Countries United States

The disease, disorder, syndrome, illness, or injury that is being studied.

Milk and/or Peanut Allergy
Study Website: View Trial Website
Additional Details

Allergy skin prick tests and measurement of food-specific immunoglobulin E (IgE) levels are common but not robust means to diagnose food allergy, so patients may be placed on overly restrictive food elimination diets as a result of false positive results. Such restrictions can lead to poor weight gain, malnutrition, and negative impact on quality of life. More than half of patients who are sensitized (ie, have a positive IgE test) to a particular food do not react to it during an oral food challenge, the gold standard for diagnosing food allergy. Development of food allergy does not always correlate to food-specific IgE levels. The care of these patients would be dramatically improved if decision points for food-specific or component IgEs could be identified that predict when an immediate hypersensitivity is present. This is especially an issue among patients with atopic dermatitis (AD), the most common chronic, relapsing inflammatory disorder of the skin affecting children. Patients with AD are more likely to develop other allergic conditions, including food allergy and sensitization. AD patients are also likely to have high levels of total serum IgE. In this study, participants aged 3-21 years (n = 175) with elevated total serum IgE levels and a history of AD will undergo open feedings and/or double-blind, placebo-controlled food challenges (DBPCFCs). Open feedings will be 1- or 2-step, depending on how often the participant regularly consumes the food at home. There are two DBPCFCs to milk: milk powder or (placebo) baked into a muffin, and straight milk powder or (placebo) mixed with a vehicle. The DBPCFC for peanut will be done with peanut flour or (placebo) mixed with a vehicle. Blood will be collected during the study for measurement of total and component IgEs as well as potential biomarkers of food sensitization vs.#46; immediate hypersensitivity and reaction severity. From these data, we hope to identify diagnostic IgE threshold levels that will inform when oral food challenges are warranted in patients with elevated total serum IgE levels and AD, which is critically needed in the allergy field to facilitate the care of these patients.

Arms & Interventions


Experimental: Milk DBPCFC

There are two double blind placebo controlled food challenges. The first challenge is to baked milk. The following participants will undergo this DBPCFC: - All participants who eat baked milk less than once per month. - Participants who never eat baked milk or straight milk. On the first day of this challenge, participants will be randomized to either milk Baked milk or rice milk. Dry milk powder or corn starch. or placebo, and then will be challenged with the other food on the next day.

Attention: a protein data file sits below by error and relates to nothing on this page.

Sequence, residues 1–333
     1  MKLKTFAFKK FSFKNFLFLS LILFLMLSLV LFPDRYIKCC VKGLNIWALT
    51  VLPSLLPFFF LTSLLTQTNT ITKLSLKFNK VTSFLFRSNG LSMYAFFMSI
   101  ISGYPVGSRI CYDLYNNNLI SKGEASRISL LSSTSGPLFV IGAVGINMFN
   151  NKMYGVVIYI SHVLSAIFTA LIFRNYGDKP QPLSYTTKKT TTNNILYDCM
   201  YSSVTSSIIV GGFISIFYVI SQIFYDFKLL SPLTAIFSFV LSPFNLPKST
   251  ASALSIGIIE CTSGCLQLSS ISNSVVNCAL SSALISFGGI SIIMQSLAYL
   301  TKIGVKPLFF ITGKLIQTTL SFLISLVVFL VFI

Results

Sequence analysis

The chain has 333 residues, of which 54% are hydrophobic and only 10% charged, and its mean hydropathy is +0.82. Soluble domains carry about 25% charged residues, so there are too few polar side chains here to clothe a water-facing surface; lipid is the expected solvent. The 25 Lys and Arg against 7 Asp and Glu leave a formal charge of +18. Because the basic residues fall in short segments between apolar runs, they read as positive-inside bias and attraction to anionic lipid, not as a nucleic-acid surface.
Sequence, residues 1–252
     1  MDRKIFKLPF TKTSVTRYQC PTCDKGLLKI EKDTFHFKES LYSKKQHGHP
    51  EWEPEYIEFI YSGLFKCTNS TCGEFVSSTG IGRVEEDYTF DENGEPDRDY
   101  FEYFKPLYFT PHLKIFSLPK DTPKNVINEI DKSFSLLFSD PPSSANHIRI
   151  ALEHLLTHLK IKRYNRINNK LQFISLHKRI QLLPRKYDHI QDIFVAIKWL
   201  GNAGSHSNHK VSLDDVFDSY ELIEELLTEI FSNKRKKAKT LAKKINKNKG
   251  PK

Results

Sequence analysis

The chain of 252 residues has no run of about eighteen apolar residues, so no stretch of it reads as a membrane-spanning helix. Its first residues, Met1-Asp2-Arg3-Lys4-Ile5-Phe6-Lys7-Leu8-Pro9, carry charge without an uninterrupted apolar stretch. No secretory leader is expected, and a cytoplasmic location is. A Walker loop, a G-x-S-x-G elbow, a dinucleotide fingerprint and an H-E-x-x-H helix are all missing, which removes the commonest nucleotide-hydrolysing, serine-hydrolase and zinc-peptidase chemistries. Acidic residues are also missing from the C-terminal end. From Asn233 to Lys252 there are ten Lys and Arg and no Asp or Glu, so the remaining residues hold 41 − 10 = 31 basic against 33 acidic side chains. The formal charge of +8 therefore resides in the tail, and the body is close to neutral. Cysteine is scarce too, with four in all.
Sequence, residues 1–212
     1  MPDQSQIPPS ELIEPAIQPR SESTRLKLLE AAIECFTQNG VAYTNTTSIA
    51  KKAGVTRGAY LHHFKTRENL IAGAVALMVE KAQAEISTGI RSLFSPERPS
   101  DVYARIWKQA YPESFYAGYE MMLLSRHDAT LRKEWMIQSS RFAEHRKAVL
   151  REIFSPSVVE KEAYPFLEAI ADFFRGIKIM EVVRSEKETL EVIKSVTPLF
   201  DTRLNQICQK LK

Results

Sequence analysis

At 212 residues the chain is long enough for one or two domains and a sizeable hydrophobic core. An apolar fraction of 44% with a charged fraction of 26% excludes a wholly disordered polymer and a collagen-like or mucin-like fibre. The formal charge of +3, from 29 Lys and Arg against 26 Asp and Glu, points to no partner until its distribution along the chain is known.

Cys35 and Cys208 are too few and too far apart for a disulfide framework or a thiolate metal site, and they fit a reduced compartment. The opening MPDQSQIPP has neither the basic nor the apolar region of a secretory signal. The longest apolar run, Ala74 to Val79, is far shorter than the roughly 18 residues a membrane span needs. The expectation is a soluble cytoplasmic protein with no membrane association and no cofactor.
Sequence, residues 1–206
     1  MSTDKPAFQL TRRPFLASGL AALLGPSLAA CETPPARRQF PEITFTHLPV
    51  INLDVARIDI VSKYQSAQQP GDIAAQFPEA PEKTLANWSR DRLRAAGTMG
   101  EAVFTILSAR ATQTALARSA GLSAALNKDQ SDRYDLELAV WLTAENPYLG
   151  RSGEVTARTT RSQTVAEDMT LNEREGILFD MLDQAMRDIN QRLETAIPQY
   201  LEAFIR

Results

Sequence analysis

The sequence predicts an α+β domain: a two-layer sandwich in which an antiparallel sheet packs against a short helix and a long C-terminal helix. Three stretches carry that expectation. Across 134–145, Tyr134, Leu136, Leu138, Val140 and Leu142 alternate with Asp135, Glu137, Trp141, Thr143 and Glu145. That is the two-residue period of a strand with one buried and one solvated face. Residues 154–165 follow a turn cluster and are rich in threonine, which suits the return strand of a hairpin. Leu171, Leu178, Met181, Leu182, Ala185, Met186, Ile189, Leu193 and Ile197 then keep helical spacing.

Experimental: One-Step Open Feeding

Participants who are consuming baked milk, straight milk, and/or peanut products at least once per week will do a one-step oral food challenge.

Experimental: Peanut DBPCFC

The DBPCFC for peanut allergy will be done with either peanut flour or a placebo (oat flour). The following participants will undergo this DBPCFC: - All participants who eat peanut less than once per month - Participants who never eat peanut On the first day of this challenge, participants will be randomized to either peanut or placebo, and then will be challenged with the other food on the next day.

Experimental: Two-Step Open Feeding

Participants who consume baked milk, straight milk, and/or peanut products less than once per week but at least once per month will do a two step open oral food challenge.


Other: - Peanut powder and Oat flour

Peanut powder with 46% protein content is manufactured by PB2. Oat flour is manufactured by GF Harvest.

Other: - Peanut flour and Oat flour (placebo for peanut flour)

Peanut flour (12% light roast) with 50% protein content is manufactured by Byrd Mill. Oat flour is manufactured by GF Harvest.

Other: - Dry Milk Powder and Corn Starch (placebo for Milk powder)

Dry milk powder with 36% protein content is manufactured by Giant Food. Corn starch is Argo brand.

Other: - Baked milk and Rice milk (placebo for Baked milk)

Baked milk will be in the form of a muffin provided by the NIH CC Nutrition Department. Rice milk is manufactured by Rice Dream brand.

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Bethesda, Maryland




National Institutes of Health Clinical Center

Bethesda, Maryland, 20892

Site Contact

For more information at the NIH Clinical Center contact Office of Patient Recruitment (OPR)


800-411-1222 #TTY8664111010